Feeds:
Posts
Comments

Diversionary Tactic

 

Work, my final dissertation, and family needs are combining to make sure I don’t have a lot of time for anything else at the moment, and therefore was short of blogging material this week.

Fortunately Japan Railways have come to my rescue by running some very unusual diversionary train workings in the last few months, featuring my favourite Japanese locomotives dragging freight trains across the central mountains in Japan and along the west coast to avoid a section washed out by a typhoon. Normally these are seen lurking in monotonous industrial zones so it’s a change to see them in a more attractive corner of the country.

According to Wikipedia these locomotives are 18000mm/55′ long and a somewhat lardy 2951mm/9.5′ wide, which works out as 327mm long and 53mm wide, or about 1′ by 2″ in my chosen scale of 1:55, or ‘Seriously Massive’, especially as the first model of the Körschtalbahn is likely to be about 2m long at the most, meaning the locomotive will be at least 1/6th of the length of the entire model railway.

On the other hand, I could cheat.

It seems there’s a long tradition of model makers playing fast and loose with scale to make a prototype fit a model, and some companies have been known to make a locomotive 10% under scale so it fits with other models. If you do this with a DD51 it makes for a slightly more manageable 47mm wide and 294mm long. Still a right beast but it would at least fit under bridges.

Of course that assumes I manage to get my sorry behind into gear to make one at all. Currently my progress on all fronts is a bit slower than this:

Advertisements

Finally all 196 pieces of the uprights are together, the uprights are in place and not just that, they are in fact upright.

Mostly. If you don’t look too hard.

It took several evenings to achieve this, making 1 or 2 uprights per evening. It turned out that the blocks I’d carefully glued in ready to hold the uprights were not as accurately placed as I’d thought and I had to use several 0.3mm pieces as packing. Of course the packing pieces turned out to be too thick, so they needed to be sanded back, checked, sanded a bit more and then fitted.

Now they still aren’t perfect but they’re passable from normal distances and angles, so I’m calling it good.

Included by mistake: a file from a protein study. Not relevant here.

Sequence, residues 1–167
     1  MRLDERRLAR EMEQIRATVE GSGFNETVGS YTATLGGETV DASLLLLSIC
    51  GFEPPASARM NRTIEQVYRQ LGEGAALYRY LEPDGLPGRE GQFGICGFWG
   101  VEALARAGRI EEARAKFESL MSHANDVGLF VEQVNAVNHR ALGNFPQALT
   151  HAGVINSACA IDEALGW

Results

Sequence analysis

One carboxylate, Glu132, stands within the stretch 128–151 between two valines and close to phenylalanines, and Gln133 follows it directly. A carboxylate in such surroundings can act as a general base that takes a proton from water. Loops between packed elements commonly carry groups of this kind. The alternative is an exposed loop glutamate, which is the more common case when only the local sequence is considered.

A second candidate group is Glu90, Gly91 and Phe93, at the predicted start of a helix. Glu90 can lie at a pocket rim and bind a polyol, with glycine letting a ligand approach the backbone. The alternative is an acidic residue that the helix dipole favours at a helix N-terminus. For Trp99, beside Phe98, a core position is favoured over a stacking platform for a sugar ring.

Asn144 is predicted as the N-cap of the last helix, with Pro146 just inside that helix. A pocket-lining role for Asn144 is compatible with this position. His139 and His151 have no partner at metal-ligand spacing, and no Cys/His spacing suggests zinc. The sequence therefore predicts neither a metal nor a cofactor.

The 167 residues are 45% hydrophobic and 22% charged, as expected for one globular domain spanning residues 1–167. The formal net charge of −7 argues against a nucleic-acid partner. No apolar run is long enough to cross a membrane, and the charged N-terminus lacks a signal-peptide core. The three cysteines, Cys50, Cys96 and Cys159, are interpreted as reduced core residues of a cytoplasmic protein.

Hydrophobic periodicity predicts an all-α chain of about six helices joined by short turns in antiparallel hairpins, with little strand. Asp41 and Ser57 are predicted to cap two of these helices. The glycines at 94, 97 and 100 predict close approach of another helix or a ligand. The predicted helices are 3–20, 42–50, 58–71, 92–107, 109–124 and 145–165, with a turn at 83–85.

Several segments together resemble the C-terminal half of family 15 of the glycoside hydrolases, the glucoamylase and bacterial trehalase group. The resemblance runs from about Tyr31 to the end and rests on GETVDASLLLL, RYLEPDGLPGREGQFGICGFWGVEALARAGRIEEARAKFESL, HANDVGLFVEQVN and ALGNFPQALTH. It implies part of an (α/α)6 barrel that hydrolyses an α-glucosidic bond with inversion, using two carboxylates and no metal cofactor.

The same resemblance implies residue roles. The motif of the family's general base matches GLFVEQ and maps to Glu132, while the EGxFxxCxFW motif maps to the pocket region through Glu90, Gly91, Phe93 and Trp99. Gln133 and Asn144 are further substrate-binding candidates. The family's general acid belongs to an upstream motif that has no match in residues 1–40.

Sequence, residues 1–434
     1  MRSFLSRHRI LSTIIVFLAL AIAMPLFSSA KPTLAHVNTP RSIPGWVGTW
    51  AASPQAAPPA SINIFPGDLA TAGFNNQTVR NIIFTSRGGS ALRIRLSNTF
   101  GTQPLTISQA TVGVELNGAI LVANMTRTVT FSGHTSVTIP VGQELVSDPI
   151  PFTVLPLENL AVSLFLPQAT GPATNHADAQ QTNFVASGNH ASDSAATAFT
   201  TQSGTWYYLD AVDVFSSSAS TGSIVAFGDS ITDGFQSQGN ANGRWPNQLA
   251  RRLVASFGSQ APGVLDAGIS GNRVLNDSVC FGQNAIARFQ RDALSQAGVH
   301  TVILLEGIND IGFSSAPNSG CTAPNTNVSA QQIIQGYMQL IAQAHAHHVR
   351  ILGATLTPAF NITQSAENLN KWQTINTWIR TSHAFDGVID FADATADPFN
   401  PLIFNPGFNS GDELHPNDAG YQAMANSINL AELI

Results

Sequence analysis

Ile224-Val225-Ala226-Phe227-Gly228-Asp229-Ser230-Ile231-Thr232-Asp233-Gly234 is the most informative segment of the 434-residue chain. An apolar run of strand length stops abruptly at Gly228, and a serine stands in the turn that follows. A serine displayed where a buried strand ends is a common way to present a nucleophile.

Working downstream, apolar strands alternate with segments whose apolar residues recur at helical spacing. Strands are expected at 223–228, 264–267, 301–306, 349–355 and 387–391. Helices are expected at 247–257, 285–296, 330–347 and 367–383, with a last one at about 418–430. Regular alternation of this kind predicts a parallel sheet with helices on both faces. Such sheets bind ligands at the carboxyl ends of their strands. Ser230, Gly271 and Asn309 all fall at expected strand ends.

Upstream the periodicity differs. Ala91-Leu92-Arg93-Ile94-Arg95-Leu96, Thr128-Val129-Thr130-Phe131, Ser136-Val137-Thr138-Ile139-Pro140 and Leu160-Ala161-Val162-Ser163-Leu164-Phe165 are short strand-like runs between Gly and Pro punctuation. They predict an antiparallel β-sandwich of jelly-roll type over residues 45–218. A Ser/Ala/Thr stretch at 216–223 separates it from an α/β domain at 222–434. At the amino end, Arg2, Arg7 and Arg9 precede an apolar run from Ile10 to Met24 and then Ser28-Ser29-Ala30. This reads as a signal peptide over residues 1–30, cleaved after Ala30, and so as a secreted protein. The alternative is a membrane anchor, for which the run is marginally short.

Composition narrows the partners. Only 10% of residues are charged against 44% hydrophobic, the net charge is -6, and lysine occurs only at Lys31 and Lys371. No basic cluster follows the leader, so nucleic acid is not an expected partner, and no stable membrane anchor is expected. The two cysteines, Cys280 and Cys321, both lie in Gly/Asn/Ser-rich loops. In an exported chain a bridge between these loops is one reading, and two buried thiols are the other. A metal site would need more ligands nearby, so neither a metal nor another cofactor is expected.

Next we have detailing, painting and weathering which means I really need to decide what colour it is going to be…

When we last looked at the wood wagon I was about to start building the uprights that are fixed along both sides of the chassis. Of course when I say “about to start building” I actually mean “about to start making loads of excuses to do it later” because of course, that’s what I proceeded to do. It wasn’t the thought of the 192 tiny bits that was putting me off; more the idea of trying to make them look vaguely similar.

Eventually I realised what most readers undoubtedly already know: templates are the answer. Make one template, fit each part in it, cut along the template or attach the next bit in the right place and move on. No guessing, measuring or aligning by eye, not even much thinking in fact, just repeat the same thing a few dozen times.

I started with a simple set of templates to make sure all the uprights were the same length, then another for the tiny cross pieces… and then things got out of hand and I made a template for pretty much every stage of the build.

It worked pretty well too, although we’ll ignore a certain amount of fiddling about at some stages (note to self: if you’re going to make a template to drill holes, it helps if the holes in the template are in the right place…) On the other hand, I’ve had plenty of practice in filling, sanding, and redrilling holes. Now I have a stack of finished parts that you could almost swear looked the same.

All I have to manage now is getting them consistently upright on the wagon itself.

Obviously when making silly adventure tabletop games, sooner or later you are going to have some swashbuckling pirates, because, well, what would be the point otherwise? To fill this role we have “Captain Betsy Miller and the Aroura Crew”. All of my characters have names from real historical people, and the real Captain Miller lived in Saltcoats in Scotland between 1792 and 1864. She was the first woman sea captain in the UK to be certified by the board of trade, and frankly her life could be a pulp story in itself: she gained a reputation as an excellent shipwoman who could handle her brig in the most adverse conditions and would sail in weather no other captain dared face. As a result she commanded a great deal of respect from her crews. She didn’t stop sailing until she was seventy years old, when she handed over to her sister.

I’ve mentioned before that I prefer female characters to be fully clothed and shaped like normal humans, so to make Miller I took another ‘female head’  and did some rather dramatic surgery on a “Merchant seaman” I had to hand.

 

After the leader, each league in Pulp Alley should have a sidekick, not quite a legend in their own right but a legend in the making. On a Aroura this is John Macpherson, who, helped by a ‘telescopic sight’ made from a bit of brass wrapped in some plastic is the crew sharpshooter, can hit a stick at 100 paces sort of thing…

I’m normally only allowed one sidekick, so the next level is the ‘allies’. I have three in this group, and have done terrible things to the fabric of the space time continuum to bring three people who lived at different times into the same team, but that’s nothing compared to the surgery required to make another “merchant seaman” into “Juana Ramírez”…